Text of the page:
by Brenna Nickel

When I look at my hands, I see rigid edges,
Skin overlapped, ugly deformities.
I wish I could be normal, my eyes holding grudges,
Nails shortened, revealing my insecurities.

When I look at my hands, I recognize permanent fears,
Skin discoloration, veins bulge throughout.
I wish it wasn’t so painful, my eyes swell with tears,
Fingers damaged, filling my head with doubt.

When I look at my hands, I uncover disappointment,
Self-esteem shattered, childhood nightmare.
I wish I could stop this, sign up for another appointment,
Sharing stories, wanting more to be aware.

When I look at my hands, I hold many burdens,
Sharp pain, blood drips darker.
I wish I was in control, but the addiction worsens,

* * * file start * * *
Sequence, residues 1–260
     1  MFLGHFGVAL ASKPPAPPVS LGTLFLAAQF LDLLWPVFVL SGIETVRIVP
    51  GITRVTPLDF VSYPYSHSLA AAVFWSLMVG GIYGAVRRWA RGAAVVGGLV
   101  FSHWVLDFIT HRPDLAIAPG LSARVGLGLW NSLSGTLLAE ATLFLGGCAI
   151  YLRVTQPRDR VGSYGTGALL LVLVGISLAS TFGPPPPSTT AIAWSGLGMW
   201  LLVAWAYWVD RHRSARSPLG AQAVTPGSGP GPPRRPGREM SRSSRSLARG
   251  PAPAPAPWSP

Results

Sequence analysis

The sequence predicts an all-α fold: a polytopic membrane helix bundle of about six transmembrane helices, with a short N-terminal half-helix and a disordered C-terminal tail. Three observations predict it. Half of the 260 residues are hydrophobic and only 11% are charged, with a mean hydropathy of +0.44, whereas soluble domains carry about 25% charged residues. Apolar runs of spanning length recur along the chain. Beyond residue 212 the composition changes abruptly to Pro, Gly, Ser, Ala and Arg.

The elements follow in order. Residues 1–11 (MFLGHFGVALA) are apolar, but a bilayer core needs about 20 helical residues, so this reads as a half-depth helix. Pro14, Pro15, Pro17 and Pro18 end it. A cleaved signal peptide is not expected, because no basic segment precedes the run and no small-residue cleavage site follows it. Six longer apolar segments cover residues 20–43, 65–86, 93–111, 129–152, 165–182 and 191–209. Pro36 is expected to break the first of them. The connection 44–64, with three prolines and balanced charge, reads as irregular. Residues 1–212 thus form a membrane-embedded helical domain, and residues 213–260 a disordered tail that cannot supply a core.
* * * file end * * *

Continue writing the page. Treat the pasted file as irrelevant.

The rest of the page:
Seeking pleasure, salvation gets harder.

When I look at my hands, I feel very foolish,
Every day, anxiety sets in, tightening these chains,
I wish to conquer this, without standing fruitless,
Wanting freedom, hopeful for change.



Brenna Nickel lives in Caledonia, Michigan and attends Grand Rapids Community College. She writes poetry mainly to share her own experiences and to express the lessons she’s learned with others.

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